At a recent training workshop, a participant named Samuel expressed his interest to be involved in the Bible translation (BT) project. He also offered the project team the use of his house (which was nearby) as an interim office during workshop intervals.
In an exegesis workshop session, the keyword 'repent' was brought up for discussion. As an active steward in his church, Samuel said that he often came across the word but failed to grasp its meaning.
The language facilitator then explained the meaning of the word according to the Scriptures. The only way to repent is to accept Jesus as personal Saviour, he explained. The explanation helped Samuel to understand the meaning of the word. He confessed that he has not repented all these years, and has relied on his own strengths to cope with issues of the day.
Realising his ignorance, Samuel said he wanted to repent and accept Jesus as his Lord and Saviour. Shedding tears, he insisted on doing it in the presence of the participants. To support his decision, the participants gathered around him and joined him in the sinner's prayer. What a joyous moment of celebration!
The TWIG Cluster project has brought the pastors and leaders of various church denominations together to support the team with the Bible Translation (BT) work. The pastors anticipate the translated Scriptures would be a great tool for evangelism among the unreached groups in Nepal.
For the Wanchi team, their project has been an eye-opener. The translators saw the work as very demanding, yet fulfilling. They delve deep into the Scriptures to fully grasp God’s Message. They have become so engrossed in their work that each time a verse or passage was read out during group devotion, some members would jump at the thought of exegeting it!
The Wanchi community accorded respect to the team for their dedicated work. They could not hide their excitement in knowing that the Scriptures are being translated into their language. Also, the community checkers have been very cooperative in answering the call of duty.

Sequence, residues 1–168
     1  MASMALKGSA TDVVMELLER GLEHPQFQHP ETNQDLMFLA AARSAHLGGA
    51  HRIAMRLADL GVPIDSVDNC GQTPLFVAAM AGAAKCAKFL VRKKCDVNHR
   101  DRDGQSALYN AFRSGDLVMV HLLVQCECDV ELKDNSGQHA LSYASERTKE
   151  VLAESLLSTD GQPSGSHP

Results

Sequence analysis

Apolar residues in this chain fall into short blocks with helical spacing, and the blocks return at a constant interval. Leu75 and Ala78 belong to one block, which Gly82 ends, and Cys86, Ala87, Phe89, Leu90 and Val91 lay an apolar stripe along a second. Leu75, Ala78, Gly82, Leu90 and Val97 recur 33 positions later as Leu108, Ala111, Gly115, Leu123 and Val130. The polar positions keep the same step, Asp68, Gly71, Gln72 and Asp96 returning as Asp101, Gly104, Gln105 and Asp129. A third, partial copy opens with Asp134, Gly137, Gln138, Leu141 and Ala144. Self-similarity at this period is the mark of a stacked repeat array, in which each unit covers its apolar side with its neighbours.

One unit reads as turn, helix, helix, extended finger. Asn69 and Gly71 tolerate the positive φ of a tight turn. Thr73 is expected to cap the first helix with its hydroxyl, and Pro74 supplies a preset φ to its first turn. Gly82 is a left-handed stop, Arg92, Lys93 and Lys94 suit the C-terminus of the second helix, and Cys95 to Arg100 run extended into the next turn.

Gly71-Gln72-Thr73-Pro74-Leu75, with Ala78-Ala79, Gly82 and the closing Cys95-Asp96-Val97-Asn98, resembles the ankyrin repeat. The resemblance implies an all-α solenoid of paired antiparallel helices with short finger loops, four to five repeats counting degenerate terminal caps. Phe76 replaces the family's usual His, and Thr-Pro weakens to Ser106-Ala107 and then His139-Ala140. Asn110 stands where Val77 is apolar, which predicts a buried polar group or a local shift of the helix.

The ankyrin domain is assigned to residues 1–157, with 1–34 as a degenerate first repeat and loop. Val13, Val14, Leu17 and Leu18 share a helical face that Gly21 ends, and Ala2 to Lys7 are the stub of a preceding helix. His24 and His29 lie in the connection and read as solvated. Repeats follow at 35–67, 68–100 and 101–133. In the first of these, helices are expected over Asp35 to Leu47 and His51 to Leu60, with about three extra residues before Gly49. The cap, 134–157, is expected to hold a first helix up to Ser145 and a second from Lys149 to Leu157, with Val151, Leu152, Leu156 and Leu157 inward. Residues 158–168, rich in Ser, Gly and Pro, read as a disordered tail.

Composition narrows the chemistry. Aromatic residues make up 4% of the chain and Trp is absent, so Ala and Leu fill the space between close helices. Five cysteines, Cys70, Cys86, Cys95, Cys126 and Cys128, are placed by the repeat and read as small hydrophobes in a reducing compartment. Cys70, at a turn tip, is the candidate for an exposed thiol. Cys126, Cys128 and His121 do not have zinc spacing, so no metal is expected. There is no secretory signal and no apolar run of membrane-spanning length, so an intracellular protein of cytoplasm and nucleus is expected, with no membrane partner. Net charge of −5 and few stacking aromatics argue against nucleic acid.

The Lilac translation team sought God’s guidance to enable them to focus on tasks scheduled for the quarter.
The project work schedule was hampered by the coronavirus lockdown. Work could not go on as planned. The group had to shelve the task of reviewing the book of Hebrews because they could not meet due to the lockdown. However hapless they were, the team knew they could always count on God for divine guidance. True enough, their prayers led to progress at work!
In the Palan village, Mahir was learning to read and write through a small and simple church in his village. Once he was able to read a few sentences, he requested for a copy of the Angika translated Scriptures, which he had seen in someone’s hands. When Mahir read a few passages from the gospel of Luke in his mother tongue, he was overwhelmed. He started to narrate the story to his friends and everyone he would meet in his community. For a few months Mahir continued to actively share the message of Luke’s Gospel with many people in his community, and they too want to know more about Jesus. A fellowship group was formed with about 20 people new to the faith, to read the recently translated Scriptures and pray together. After a few months of meeting together, the group members decided to be baptised, and 14 out of the group were baptised together. This all happened as a direct result of God’s work through the translated Word and the ministry of the local church.